All eyes will be on the National Assembly today as the Second Reading of the Constitution of Kenya (Amendment) Bill 2018 is set to take place.
Given that it is a constitutional matter, the bill needs a nod from two-thirds of the House to sail through to the next stage.
Top politicians have voiced support for the bill that is sponsored by Majority Leader Aden Duale.
Deputy President William Ruto said last week that MPs should back it for the sake of their mothers, wives and daughters.
Former Prime Minister Raila Odinga on Monday said passage of the bill will help the country banish discrimination against women, while former Vice President Kalonzo Musyoka said approval of the proposed law will help marginalised voices participate in national politics.
Here is what you need to know about the bill.
What is the 2/3 gender rule?
Drafters of the 2010 Constitution did not want a situation where one gender is overly represented in Parliament.
As such, they stipulated that the National Assembly and the Senate should not have more than two-thirds of their members of the same gender.
“Not more than two-thirds of the members of elective public bodies shall be of the same gender,” says Article 81 (b) of the Constitution.
Why has the section not been adhered to, eight years later?
Because the Constitution did not dictate on how the two-thirds gender rule can be implemented, the attorney-general’s office sought an advisory from the Supreme Court on how to meet the requirement.
In December 2012, the apex court determined that gender principle had not been transformed into a full right capable of direct enforcement, advising that there be progressive implementation within five years of the promulgation of the Constitution.
“We are of the majority opinion that legislative measures for giving effect to the one-third-to-two-thirds gender principle, under Article 81(b) of the Constitution and in relation to the National Assembly and Senate, should be taken by August 27, 2015,” said a Bench of five Supreme Court judges.
However, by August 2015, still there was no law passed on the case, and it made the Centre for Rights Education and Awareness, Community Advocacy and Awareness Trust to sue the two Houses of Parliament for the delay.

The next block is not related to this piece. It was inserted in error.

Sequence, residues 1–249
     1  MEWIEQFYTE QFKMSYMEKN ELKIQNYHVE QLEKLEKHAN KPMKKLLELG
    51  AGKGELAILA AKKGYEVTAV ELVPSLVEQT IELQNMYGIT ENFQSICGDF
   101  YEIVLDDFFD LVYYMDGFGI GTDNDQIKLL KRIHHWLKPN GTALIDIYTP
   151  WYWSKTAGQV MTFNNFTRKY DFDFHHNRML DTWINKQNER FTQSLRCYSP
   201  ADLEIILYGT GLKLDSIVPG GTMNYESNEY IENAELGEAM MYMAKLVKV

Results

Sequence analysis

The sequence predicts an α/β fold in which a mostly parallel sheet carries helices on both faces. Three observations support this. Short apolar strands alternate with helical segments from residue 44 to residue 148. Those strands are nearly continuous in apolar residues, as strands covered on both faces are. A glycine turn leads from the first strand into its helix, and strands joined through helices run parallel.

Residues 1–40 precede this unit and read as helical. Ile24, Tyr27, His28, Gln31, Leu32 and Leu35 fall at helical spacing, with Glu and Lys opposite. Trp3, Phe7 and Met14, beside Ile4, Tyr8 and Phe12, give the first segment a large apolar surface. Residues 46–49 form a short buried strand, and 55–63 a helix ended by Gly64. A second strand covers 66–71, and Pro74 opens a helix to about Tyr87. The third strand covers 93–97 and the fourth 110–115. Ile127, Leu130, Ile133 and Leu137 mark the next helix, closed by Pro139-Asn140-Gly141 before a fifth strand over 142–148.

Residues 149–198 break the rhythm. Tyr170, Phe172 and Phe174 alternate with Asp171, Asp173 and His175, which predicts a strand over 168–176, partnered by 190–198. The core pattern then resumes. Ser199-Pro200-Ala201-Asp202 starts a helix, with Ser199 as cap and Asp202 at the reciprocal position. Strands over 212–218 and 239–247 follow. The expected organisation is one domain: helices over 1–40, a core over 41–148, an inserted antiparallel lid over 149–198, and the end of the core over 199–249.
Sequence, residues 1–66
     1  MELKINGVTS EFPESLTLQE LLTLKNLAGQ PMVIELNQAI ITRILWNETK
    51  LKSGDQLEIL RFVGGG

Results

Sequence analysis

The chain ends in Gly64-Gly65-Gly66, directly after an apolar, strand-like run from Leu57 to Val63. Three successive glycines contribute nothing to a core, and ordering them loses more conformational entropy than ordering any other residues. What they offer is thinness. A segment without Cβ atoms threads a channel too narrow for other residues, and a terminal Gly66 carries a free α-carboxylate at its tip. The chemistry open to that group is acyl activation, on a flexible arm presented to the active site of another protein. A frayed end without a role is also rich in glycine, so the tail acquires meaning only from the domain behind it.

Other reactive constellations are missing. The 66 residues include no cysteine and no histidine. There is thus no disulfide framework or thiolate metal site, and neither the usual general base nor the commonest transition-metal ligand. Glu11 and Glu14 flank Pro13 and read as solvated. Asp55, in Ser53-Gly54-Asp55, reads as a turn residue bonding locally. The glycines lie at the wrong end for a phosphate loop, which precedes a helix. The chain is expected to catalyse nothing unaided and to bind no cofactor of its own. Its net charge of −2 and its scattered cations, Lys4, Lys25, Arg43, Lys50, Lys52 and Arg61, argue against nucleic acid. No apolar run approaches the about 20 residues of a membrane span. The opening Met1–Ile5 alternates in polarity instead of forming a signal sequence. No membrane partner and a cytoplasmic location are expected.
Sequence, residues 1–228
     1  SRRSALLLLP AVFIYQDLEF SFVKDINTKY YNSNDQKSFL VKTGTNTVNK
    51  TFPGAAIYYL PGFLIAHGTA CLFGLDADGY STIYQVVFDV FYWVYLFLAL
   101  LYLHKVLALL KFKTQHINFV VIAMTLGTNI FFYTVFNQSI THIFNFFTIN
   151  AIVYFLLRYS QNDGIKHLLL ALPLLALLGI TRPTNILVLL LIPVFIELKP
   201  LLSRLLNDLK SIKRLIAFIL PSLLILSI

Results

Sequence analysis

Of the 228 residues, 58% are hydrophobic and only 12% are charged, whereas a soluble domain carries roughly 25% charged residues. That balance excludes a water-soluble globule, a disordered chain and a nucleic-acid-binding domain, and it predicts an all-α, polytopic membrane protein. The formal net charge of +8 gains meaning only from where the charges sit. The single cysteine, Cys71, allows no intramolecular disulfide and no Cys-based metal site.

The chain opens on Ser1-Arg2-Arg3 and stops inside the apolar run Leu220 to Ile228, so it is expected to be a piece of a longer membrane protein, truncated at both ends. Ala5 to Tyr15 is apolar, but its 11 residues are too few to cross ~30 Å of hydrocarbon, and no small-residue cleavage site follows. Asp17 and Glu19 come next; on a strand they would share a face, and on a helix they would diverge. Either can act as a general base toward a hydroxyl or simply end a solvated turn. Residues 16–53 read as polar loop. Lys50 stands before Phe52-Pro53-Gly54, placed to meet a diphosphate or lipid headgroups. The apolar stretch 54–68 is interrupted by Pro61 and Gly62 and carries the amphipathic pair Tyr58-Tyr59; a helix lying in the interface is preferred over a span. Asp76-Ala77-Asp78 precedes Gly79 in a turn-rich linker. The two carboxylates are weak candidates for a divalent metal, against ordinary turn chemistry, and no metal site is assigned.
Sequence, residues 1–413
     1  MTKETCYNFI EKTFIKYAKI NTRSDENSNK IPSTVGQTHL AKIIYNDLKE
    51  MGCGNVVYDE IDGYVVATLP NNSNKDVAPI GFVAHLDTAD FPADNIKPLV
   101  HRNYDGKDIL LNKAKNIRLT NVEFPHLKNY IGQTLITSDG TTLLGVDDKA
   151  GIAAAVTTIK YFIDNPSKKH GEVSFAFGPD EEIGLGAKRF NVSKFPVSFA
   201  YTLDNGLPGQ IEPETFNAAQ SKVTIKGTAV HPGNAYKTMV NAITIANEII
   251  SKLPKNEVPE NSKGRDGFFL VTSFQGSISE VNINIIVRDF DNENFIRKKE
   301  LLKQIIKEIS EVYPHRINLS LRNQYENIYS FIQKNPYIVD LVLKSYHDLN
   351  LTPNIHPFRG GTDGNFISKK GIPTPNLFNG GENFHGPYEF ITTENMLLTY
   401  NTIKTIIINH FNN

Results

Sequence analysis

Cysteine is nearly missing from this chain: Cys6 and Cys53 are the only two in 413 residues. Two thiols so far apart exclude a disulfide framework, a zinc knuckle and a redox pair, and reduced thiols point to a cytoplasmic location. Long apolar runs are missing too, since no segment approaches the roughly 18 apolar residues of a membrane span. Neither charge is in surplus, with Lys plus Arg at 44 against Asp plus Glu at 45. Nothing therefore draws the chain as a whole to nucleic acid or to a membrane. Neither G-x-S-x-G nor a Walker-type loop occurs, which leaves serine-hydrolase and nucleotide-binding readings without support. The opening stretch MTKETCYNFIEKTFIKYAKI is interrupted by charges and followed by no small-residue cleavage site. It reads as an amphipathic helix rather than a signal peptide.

The Kenya National Human Rights Commission was also part of the case.
In a verdict issued in March 2017, High Court judge John Mativo said that if the gender principle had not been implemented by June that year, anyone could write to the Chief Justice to advise the president to dissolve Parliament.
Justice Mativo’s order echoed another issued by in 2015 by High Court Judge Mumbi Ngugi, who ordered the attorney-general and the Commission for the Implementation of the Constitution to prepare and table the law for legislation.
As the court processes went on, several attempts to have a law failed in Parliament, mostly due to quorum hitches.
In February 2017, a bill at the Senate sponsored by the then nominated senator Judith Sijeny failed because the House could not get 45 members vote for it.
In November 2016, there was a similar quorum hitch at the National Assembly that derailed a bill by the then chairman of the Justice and Legal Affairs Committee Samuel Chepkonga.
It sought to have a progressive implementation formula of the gender principle and women MPs protested against it.
In May 2016, another bid failed at the floor of the National Assembly. It was supported by 178 MPs and opposed by 16.
What is contained in Mr Duale’s bill?
At the core of the bill is a nomination criterion to ensure that at any given time, the number of women is at least a third of the total.
Because it is hard to legislate on elective positions, the bill proposes that after an election has been finalised and the gender numbers calculated, the right number of women be nominated.
Numbers for the nomination will be shared by political parties depending on their strength in Parliament.
Currently, the National Assembly has 75 women MPs — 22 elected from the 290 constituencies in the last election, six nominated in the 12 nomination slots while 47 were elected as woman reps.
The Senate has three elected women from the 47 counties, while 18 are nominated.
The passage of Mr Duale’s bill could see the country pay about Sh60 million more in monthly salaries and other allowances to the nominated women MPs.
How does Kenya compare with other countries?
In terms of representation in Parliament, Rwanda leads in the Eastern Africa region with 61 per cent of MPs being women, according to World Bank data.
Tanzania’s women parliamentarians amount to 36 per cent of the total.
Burundi has a similar percentage.
Uganda follows with 34 per cent while Kenya is trailing at 22 per cent.
Mr Odinga said on Monday that although Kenya is a dominant political and economic power in the region, it remains the only country yet to establish affirmative action for gender representation in Parliament.